Why relationships and social connections matter for health and wellbeing

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WHY positive relationships and Being socially connected matter for your Health + wellbeing.

by Joyce Chong


When it comes to wellbeing and health we tend to focus on how we work on our physical health for better physical health outcomes, and what we do to change our mindset for better psychological wellbeing. Alas, focusing on just these two aspects misses what the founder of positive psychology, Martin Seligman, views as a central tenet of wellbeing. Specifically, Seligman suggests that positive relationships are a key ingredient when it comes to boosting our wellbeing and resilience (learn more Seligman's PERMA model of resilience and wellbeing here).

Overall, social connectedness and positive relationships point to benefits such as better physical health, a longer life spanbetter mental health (particularly when it comes to depression) and better cognitive functioning (notably dementia) compared to those who are lonely.

Relationships, social connectedness, and our health - which mechanisms matter?

So what exactly do relationships and social connectedness do to maintain our health and wellbeing? From an intuitive perspective, consider: 

  • When dealing with stressful life situations, knowing that there's someone to lean on for support can decrease the impact of the stressor. In a sense, it feels like we're not shouldering the burden alone.
  • Venting or talking with a friend may mean less reliance on unhelpful coping styles (e.g. excessive alcohol use). It may also mean that your friend helps you to put things into perspective and see things differently.
  • Great times with friends produce positive emotions, which contribute to happiness and life satisfaction.


Indeed, studies of social connectedness and loneliness suggest the mechanisms by which relationships with others translate to better outcomes include: [1],[2]

  • Better cardiovascular function (blood pressure during times of stress, HDL cholesterol levels)
  • Lowered cortisol levels and enhanced oxytocin levels
  • Enhancing immune function
  • Improved health behaviours and choices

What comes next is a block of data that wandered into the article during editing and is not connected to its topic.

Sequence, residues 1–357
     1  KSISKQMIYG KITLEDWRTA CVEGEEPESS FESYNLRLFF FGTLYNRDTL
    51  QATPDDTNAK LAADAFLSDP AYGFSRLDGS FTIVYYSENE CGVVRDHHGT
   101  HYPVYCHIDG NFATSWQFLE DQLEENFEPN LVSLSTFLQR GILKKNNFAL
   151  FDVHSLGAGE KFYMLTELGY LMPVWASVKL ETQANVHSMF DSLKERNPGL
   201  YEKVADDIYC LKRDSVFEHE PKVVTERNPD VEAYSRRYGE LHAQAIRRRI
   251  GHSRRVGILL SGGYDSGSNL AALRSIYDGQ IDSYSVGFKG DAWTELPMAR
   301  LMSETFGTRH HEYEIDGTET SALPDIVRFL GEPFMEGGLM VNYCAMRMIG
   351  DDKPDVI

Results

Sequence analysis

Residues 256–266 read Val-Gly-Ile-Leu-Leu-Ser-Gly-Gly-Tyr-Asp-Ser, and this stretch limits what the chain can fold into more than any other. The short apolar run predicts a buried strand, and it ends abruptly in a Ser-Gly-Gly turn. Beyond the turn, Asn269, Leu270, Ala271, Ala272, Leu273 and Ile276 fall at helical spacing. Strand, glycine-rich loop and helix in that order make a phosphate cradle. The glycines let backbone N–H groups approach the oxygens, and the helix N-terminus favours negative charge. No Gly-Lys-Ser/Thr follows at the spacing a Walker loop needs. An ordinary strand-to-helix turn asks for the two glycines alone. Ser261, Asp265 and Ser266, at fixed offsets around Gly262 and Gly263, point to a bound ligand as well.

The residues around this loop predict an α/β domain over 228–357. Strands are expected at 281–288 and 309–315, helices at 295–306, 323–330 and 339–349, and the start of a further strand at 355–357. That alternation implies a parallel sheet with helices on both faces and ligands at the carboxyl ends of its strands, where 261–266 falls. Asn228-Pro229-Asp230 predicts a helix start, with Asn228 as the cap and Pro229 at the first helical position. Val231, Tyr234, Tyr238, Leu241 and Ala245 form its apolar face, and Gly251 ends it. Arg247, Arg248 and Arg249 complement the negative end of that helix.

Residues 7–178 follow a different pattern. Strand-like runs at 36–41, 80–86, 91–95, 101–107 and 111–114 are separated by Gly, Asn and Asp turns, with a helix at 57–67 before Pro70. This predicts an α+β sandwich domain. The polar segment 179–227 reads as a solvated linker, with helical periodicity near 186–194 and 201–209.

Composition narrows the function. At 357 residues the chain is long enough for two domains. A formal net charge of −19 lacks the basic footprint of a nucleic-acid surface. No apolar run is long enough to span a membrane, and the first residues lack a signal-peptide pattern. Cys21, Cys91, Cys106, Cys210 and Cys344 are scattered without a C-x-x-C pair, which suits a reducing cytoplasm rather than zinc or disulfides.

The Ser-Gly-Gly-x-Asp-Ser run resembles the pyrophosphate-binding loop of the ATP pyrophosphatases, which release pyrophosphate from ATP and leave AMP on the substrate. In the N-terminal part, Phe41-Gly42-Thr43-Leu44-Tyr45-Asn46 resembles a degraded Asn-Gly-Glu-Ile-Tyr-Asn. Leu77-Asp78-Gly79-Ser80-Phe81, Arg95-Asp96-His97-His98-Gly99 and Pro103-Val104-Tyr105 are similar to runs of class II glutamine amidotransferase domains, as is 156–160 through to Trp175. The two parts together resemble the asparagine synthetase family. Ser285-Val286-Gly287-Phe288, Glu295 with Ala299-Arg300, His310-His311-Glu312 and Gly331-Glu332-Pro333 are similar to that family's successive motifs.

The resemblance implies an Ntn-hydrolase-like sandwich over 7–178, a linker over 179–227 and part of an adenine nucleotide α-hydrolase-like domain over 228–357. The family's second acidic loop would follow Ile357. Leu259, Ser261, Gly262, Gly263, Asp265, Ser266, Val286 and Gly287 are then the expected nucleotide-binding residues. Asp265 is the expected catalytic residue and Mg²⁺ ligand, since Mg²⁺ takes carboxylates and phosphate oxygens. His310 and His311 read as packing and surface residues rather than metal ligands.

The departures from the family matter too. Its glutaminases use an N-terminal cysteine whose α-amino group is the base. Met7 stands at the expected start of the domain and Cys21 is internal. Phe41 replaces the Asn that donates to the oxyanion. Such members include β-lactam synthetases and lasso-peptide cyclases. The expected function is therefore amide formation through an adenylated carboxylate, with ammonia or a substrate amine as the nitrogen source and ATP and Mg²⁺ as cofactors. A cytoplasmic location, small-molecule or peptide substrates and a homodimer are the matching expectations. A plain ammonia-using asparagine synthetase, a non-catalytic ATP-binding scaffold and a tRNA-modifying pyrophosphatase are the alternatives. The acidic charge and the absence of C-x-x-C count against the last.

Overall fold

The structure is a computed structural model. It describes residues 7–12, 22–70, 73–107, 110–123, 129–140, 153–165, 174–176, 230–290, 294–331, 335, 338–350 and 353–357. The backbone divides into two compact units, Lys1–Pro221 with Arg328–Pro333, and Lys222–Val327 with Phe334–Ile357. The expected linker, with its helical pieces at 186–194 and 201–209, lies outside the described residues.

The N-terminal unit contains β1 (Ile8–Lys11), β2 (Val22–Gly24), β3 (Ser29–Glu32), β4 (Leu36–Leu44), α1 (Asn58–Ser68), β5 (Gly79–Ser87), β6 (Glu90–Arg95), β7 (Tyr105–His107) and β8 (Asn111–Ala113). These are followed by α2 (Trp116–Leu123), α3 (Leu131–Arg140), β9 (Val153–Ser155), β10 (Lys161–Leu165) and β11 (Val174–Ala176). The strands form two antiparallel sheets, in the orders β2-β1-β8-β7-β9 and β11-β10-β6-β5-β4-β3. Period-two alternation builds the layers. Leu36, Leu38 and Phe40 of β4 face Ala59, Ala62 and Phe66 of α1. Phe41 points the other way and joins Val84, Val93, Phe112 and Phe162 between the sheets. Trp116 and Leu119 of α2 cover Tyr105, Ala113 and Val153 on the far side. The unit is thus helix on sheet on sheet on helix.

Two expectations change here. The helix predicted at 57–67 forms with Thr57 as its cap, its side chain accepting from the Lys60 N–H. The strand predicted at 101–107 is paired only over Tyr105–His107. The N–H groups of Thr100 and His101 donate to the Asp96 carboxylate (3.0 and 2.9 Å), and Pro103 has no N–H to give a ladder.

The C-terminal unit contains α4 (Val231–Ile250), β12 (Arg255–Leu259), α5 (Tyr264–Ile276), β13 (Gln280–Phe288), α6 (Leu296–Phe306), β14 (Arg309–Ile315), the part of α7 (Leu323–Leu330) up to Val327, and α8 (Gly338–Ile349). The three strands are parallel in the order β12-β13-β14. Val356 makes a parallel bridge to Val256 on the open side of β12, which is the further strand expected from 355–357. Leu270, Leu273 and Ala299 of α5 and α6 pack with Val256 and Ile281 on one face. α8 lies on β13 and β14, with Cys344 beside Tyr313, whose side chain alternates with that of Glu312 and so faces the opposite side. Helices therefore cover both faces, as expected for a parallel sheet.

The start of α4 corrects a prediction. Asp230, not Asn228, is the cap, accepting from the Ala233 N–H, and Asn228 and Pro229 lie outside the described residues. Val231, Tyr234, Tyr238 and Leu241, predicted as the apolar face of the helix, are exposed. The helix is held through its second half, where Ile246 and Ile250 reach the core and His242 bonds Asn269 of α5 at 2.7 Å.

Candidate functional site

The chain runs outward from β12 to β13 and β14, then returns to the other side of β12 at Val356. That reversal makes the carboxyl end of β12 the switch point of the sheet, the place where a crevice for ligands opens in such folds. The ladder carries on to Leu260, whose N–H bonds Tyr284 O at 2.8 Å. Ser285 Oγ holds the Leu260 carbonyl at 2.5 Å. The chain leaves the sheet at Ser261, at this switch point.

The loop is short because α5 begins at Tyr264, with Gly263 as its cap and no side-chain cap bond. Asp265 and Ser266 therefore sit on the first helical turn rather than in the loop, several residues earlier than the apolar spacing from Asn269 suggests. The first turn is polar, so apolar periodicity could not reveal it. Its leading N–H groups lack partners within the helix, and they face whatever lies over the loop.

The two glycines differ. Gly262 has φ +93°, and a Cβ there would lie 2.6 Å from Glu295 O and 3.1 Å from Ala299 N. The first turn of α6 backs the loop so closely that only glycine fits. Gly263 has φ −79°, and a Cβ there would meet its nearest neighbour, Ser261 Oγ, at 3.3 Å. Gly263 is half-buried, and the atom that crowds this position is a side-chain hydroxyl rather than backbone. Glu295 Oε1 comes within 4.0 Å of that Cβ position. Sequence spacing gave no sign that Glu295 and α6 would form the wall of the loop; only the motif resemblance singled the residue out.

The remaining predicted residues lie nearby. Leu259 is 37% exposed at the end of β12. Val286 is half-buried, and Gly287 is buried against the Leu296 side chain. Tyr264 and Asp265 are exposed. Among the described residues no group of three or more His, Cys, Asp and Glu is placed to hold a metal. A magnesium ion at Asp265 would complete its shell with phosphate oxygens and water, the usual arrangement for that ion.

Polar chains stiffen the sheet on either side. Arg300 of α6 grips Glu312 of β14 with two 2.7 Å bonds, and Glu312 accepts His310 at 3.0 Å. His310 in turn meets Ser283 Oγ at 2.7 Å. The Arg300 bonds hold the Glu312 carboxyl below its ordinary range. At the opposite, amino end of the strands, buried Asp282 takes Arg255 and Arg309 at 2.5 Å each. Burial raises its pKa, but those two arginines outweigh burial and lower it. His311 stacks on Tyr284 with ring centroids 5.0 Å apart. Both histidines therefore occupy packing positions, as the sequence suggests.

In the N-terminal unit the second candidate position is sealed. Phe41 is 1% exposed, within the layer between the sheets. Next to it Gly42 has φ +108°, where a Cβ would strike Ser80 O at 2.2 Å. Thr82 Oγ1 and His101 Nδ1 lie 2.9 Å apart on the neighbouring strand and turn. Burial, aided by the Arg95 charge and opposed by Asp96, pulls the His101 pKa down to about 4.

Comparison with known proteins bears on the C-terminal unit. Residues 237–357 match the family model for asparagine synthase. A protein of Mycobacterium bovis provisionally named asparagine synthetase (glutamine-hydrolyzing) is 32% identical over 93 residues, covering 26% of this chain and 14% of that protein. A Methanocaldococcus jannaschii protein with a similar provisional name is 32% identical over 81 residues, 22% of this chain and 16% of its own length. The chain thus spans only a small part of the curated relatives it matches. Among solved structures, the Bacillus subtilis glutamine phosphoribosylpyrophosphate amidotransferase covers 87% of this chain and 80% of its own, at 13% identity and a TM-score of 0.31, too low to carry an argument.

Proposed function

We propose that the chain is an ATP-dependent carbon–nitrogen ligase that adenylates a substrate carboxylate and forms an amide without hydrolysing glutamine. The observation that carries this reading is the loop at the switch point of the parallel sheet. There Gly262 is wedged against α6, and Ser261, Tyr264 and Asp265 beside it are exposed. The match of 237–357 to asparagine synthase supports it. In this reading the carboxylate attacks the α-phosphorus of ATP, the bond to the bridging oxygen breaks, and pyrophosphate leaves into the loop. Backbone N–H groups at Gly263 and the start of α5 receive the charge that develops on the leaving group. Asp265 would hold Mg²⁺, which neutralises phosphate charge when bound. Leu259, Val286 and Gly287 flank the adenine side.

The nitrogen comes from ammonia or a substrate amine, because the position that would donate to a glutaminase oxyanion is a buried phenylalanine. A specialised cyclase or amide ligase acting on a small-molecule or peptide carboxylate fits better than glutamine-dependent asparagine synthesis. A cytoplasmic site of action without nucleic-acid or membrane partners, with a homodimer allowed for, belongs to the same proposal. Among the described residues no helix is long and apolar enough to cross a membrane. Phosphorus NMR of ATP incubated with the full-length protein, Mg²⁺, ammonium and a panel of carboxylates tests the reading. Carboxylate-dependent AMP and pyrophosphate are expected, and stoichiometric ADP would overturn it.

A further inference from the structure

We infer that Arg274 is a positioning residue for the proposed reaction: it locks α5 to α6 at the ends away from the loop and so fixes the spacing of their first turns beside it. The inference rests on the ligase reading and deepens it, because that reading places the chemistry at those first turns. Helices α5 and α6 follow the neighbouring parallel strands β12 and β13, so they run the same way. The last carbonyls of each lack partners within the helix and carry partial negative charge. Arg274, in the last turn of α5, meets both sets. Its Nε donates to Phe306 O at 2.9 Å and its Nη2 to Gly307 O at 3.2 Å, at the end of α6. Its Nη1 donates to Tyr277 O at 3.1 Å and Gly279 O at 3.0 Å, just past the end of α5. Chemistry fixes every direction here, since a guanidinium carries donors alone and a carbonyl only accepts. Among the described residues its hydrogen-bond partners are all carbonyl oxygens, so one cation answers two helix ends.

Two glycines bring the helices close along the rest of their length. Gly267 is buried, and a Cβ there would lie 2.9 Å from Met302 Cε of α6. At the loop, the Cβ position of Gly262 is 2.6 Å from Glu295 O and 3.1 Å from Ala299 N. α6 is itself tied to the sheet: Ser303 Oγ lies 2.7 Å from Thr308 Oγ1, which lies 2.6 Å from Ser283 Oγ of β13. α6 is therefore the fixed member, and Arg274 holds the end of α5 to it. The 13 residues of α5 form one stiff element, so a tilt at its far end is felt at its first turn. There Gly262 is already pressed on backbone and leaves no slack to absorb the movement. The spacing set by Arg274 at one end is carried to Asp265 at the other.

The findings are clear - being socially connected benefits our health and wellbeing!

how to improve your relationships and social connectedness

The case for boosting our relationships is a solid one, but given that we all lead busy lives where can we find the time to nurture these relationships? Well - over our next few blog posts we’ll look at some practical tips on improving relationships, including:

  1. 4 ways to build better romantic relationships
  2. How to strengthen the parent-child relationship
  3. How psychological flexibility improves your relationship

Be sure to check in soon! And, if there’s conflict and tension in your relationships why not check out our Resource Library Tip Sheet on How to get unstuck from conflict in relationships? Written by our clinical psychologist Annie Malcolm, here’s a sneak peek below, and you can sign up for it (and access to all of our other Tip Sheets on wellbeing, mental health, and performance in our Resource Library).

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Grab our tip sheet and you'll also get access to our Resource Library filled with even more tips on wellbeing, mental health, and performance. You'll also receive news and updates at The Skill Collective. You can unsubscribe at any time by clicking the unsubscribe link in the footer of any email you receive from us, or by contacting us. For more information please read our Privacy Policy and Terms + Conditions.

Want more? You can connect with The Skill Collective in the following ways:

  • Contact us to make an individual appointment to get started on making changes.
  • Get access to our FREE resource library filled with exclusive tip-sheets on Wellbeing, Mental Health, and Performance that you won't find here on the blog
  • Join our FREE 14-day Wellbeing Challenge. Tailored for busy lives we're talking wellbeing tips for better body, mind, and heart in just 15 minutes a day, delivered straight to your inbox.


[1] Uchino, B.N. (2006). Social support and health: A review of physiological processes potentially underlying links to disease outcomes. Journal of Behavioral Medicine, 29, 377-387. DOI: 10.1007/s10865-006-9056-5

[2] Hawkley, L.C., & Cacioppo, J.T. (2013). Loneliness matters: A theoretical and empirical review of consequences and mechanisms. Annals of Behavioural Medicine, 40, 1-14. doi:10.1007/s12160-010-9210-8